Present Stark data, in general, can be used for diagnostic purposes, demonstration of regularities, and similarities of line halfwidths or shifts within the multiplets, or by combining them with other experimental results, within the supermultiplets or transition arrays. In addition, these results can be used for testing theory, and they are also of interest in astrophysics.

Stark parameters are useful for equivalent-width calculations (Lanz et al. 1988) for stellar atmosphere temperatures above 7000 K. Low-intensity spectral lines are also of interest in astrophysics (Castelli $\&$ Hubrig 2004). The collection of Stark parameters presented in this work, which completes our previous measurements for Xe II and Xe III (Djurovic et al. 2006; Peláez et al. 2006; Cirisan et al. 2007), can be used for estimating the abundance of xenon in astrophysical objects, such as HgMn stars or progenitor stars in the Planetary nebulae.

Acknowledgements

We gratefully thank S. González for his collaboration in the experimental arrangement, the Spanish Dirección General de Investigación Científica y Técnica (Ministerio de Educación y Ciencia), and the Consejería de Educación y Cultura de Castilla y León for their financial support under contract nos. FIS2005-03155 and VA015A05. S. Djurovic and M. Cirisan thank the Ministry of Science, Technology, and Development, Republic of Serbia for partial support (141024). Dr J. A. Aparicio would like to express his personal acknowledgement to the Organización Nacional de Ciegos de España (ONCE) for its help.

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All Tables

Table 1:   Experimental Stark halfwidths of Xe II lines.

Table 2:   Experimental Stark shifts of Xe II lines.

Table 3:   Experimental Stark halfwidths of Xe III lines.

Table 4:   Experimental Stark shifts of Xe III lines.

All Figures

  \begin{figure}
\par\includegraphics[width=8.8cm,clip]{12832fg1.eps}
\end{figure} Figure 1:

Example of a part of the experimental spectrum.

Open with DEXTER
In the text

  \begin{figure}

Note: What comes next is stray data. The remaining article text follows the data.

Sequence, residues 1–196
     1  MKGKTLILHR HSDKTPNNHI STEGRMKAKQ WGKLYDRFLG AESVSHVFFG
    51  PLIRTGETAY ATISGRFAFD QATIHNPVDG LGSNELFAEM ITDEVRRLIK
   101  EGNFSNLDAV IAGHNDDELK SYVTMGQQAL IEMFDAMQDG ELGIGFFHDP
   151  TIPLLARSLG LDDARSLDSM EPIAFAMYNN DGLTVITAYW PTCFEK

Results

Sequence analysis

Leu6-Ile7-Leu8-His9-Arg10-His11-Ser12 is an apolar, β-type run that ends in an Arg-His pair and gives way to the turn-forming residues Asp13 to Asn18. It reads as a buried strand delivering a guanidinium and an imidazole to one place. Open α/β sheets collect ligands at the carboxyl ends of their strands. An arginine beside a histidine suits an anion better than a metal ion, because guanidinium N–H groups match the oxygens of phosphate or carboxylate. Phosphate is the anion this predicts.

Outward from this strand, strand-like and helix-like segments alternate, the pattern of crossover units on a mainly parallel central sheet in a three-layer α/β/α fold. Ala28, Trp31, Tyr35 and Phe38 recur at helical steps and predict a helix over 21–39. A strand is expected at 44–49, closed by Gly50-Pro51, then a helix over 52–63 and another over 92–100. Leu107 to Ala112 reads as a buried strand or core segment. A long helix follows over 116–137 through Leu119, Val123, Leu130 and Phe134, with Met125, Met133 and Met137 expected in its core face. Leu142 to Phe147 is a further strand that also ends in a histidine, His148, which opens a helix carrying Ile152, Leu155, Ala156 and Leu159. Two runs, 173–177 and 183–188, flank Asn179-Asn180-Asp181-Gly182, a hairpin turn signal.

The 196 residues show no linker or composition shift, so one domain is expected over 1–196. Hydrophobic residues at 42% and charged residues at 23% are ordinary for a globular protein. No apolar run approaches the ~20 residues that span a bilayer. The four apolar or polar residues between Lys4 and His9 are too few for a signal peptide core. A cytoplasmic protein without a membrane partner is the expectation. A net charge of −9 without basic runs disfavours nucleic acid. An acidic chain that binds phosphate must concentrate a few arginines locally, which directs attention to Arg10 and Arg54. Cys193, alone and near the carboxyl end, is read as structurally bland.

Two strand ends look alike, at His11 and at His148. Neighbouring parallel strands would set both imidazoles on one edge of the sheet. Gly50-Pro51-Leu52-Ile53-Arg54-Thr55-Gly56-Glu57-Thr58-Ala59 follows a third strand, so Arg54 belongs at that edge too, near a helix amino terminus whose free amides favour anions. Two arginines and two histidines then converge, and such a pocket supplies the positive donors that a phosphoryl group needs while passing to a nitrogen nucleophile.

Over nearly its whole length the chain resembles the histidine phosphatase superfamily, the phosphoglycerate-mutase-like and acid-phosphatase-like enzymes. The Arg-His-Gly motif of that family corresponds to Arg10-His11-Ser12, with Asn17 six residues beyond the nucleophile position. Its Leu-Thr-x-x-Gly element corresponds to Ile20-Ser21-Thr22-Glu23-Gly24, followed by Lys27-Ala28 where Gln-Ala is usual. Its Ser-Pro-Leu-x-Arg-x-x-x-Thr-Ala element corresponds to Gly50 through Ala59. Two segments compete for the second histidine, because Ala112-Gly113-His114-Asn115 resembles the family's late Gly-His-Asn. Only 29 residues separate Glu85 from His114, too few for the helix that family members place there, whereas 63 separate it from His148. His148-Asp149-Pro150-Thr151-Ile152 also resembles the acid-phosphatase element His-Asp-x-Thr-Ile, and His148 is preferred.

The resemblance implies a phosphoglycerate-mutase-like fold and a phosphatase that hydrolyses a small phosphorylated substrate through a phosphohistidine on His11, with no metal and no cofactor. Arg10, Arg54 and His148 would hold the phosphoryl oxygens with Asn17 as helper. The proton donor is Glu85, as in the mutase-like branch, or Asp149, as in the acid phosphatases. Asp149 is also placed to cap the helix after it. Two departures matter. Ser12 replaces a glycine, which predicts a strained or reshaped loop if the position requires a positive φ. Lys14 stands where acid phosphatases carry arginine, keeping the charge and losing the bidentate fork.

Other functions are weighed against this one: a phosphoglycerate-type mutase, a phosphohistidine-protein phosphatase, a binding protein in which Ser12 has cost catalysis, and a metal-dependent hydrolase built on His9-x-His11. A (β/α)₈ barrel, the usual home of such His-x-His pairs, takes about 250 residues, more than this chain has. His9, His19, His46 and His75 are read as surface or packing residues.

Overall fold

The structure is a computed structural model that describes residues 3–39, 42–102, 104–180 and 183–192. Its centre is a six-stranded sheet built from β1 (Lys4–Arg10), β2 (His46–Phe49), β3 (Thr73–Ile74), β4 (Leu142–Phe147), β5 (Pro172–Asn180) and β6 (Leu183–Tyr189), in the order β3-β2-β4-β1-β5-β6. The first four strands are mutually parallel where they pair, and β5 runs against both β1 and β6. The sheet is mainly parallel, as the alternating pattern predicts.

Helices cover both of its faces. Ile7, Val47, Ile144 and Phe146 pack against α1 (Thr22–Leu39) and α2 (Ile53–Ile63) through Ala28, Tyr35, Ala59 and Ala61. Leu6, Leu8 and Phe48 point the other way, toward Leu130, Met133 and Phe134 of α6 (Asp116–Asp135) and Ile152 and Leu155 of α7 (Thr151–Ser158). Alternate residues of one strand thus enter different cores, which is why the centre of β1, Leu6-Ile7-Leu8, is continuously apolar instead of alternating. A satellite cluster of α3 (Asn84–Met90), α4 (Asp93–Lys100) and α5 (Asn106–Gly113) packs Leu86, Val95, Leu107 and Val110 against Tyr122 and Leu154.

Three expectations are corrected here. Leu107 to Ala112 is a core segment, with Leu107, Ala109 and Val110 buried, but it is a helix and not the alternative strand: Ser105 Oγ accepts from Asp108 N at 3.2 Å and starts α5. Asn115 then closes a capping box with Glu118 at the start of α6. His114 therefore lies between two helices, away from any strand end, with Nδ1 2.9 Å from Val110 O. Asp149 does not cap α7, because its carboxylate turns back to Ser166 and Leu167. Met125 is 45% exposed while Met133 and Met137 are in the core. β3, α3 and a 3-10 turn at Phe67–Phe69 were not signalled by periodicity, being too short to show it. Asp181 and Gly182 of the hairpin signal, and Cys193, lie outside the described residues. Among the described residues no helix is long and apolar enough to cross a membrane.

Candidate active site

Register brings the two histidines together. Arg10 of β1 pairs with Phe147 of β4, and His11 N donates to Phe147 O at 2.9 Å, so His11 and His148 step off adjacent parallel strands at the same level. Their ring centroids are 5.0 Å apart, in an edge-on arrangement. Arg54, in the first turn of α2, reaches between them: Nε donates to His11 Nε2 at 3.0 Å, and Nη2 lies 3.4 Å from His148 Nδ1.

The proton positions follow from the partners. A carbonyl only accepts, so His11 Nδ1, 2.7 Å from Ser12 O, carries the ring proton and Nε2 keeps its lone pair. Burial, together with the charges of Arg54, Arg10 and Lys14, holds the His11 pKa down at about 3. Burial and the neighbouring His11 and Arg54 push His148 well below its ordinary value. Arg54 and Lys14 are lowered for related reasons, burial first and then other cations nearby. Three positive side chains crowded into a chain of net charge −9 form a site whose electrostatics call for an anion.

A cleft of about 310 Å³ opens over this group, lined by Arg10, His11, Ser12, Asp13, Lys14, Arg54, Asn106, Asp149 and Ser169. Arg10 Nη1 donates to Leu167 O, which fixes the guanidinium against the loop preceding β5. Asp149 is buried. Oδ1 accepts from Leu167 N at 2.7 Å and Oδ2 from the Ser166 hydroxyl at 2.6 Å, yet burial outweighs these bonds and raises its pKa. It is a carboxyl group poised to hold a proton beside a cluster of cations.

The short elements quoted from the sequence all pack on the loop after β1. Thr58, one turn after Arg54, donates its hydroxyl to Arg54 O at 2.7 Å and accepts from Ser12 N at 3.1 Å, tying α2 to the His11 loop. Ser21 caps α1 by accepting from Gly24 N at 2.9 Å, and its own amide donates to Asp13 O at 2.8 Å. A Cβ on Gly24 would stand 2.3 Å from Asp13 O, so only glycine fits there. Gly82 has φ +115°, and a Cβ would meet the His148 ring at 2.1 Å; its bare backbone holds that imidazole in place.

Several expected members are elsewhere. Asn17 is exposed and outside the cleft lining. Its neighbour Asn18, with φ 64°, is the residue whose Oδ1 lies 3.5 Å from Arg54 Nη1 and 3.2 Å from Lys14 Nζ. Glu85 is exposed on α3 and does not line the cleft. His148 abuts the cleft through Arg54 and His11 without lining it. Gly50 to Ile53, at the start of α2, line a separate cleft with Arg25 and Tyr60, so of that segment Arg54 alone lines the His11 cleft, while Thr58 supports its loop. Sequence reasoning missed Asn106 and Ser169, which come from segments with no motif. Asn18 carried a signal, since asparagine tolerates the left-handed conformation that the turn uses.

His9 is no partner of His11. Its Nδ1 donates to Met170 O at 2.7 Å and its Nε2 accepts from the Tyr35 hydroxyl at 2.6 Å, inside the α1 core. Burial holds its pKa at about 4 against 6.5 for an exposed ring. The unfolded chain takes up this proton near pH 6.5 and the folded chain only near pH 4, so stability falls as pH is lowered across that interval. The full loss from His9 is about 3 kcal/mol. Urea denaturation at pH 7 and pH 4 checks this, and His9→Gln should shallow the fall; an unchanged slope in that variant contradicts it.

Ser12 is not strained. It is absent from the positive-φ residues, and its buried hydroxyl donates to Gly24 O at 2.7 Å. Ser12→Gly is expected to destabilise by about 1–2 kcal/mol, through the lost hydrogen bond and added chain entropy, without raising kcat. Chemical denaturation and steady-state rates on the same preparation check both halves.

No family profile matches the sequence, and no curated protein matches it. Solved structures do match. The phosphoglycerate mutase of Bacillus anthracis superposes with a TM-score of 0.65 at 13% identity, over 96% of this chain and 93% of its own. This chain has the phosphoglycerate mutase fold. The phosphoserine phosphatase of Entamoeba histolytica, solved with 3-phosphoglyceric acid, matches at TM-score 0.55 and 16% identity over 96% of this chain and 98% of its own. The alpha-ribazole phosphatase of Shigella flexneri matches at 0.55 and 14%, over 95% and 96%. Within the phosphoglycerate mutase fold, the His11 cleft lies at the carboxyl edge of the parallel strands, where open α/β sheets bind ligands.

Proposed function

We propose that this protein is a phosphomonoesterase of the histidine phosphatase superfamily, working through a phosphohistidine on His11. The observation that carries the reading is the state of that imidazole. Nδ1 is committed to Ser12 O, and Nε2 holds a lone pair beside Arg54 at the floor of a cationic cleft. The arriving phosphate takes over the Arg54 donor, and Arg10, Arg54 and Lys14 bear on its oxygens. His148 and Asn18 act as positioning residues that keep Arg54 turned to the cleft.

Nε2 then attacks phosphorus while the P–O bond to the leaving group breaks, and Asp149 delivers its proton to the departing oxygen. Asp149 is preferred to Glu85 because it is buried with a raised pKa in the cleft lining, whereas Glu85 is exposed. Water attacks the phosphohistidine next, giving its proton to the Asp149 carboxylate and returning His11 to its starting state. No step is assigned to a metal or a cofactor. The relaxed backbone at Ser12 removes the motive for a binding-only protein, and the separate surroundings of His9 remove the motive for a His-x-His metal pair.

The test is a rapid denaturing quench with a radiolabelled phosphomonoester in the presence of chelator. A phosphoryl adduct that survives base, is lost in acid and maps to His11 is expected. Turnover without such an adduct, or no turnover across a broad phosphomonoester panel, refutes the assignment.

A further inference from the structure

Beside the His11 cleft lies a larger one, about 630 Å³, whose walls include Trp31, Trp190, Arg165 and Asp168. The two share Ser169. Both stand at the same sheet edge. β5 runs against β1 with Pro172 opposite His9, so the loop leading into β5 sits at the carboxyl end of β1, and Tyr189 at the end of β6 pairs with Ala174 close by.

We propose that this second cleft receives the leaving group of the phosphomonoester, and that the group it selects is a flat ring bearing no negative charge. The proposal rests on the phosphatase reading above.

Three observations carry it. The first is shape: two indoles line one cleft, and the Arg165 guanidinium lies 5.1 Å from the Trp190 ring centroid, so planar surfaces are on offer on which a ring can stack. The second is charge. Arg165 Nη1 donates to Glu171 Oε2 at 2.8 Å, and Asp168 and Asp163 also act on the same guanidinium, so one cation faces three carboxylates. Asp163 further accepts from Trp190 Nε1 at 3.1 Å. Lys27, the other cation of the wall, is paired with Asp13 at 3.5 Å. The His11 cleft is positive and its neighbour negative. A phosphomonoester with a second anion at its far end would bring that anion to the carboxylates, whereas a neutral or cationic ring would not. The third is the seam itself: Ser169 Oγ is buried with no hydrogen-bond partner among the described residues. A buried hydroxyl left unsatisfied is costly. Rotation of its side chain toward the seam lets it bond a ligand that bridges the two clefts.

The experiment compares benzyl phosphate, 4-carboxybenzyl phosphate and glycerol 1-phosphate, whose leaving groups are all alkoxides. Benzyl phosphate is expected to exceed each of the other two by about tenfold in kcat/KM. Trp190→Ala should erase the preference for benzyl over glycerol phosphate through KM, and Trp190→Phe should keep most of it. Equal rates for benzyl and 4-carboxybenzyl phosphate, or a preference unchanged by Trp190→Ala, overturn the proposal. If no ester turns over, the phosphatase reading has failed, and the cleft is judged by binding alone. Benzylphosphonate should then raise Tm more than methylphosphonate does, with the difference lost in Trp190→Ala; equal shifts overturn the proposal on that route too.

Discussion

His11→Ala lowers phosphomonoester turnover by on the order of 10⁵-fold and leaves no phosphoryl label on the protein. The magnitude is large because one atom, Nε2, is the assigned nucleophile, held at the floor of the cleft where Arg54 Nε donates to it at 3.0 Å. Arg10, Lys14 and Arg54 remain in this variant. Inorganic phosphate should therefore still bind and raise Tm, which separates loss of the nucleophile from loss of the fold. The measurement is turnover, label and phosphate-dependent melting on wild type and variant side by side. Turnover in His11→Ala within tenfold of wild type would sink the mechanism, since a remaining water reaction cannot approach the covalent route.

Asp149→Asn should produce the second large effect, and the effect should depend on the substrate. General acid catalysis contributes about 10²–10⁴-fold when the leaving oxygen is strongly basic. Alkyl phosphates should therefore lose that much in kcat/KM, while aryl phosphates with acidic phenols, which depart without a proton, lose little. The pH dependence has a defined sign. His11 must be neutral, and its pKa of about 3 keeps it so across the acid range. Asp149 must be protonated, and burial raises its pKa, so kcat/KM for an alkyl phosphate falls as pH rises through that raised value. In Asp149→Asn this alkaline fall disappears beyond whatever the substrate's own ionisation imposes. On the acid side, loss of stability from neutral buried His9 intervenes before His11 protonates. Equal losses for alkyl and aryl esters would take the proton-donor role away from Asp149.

\par\includegraphics[width=8.8cm,clip]{12832fg2.eps}
\end{figure} Figure 2:

Results of interferometric electron density measurements in OMA experiment (a-full points) and ICCD experiment (b-open points).

Open with DEXTER
In the text

  \begin{figure}
\par\includegraphics[width=8.8cm,clip]{12832fg3.eps}
\end{figure} Figure 3:

Temporal evolution of the electron temperature in OMA experiment (a-full points) and ICCD experiment (b-open points).

Open with DEXTER
In the text

  \begin{figure}
\par\includegraphics[width=8.8cm,clip]{12832fg4.eps}
\end{figure} Figure 4:

Halfwidth dependence on electron density for Xe II 444.813 nm line a) and its experimental profile  b).

Open with DEXTER
In the text

  \begin{figure}
\par\includegraphics[width=8.8cm,clip]{12832fg5.eps}
\end{figure} Figure 5:

Halfwidth dependence on electron density for Xe II 467.456 nm line a) and its experimental profile  b).

Open with DEXTER
In the text

  \begin{figure}
\par\includegraphics[width=8.8cm,clip]{12832fg6.eps}
\end{figure} Figure 6:

Halfwidth dependence on electron density for Xe II 384.858 nm line a) and its experimental profile  b).

Open with DEXTER
In the text

  \begin{figure}
\par\includegraphics[width=8.8cm,clip]{12832fg7.eps}
\end{figure} Figure 7:

Stark halfwidth of Xe II 504.492 nm line as a function of temperature.

Open with DEXTER
In the text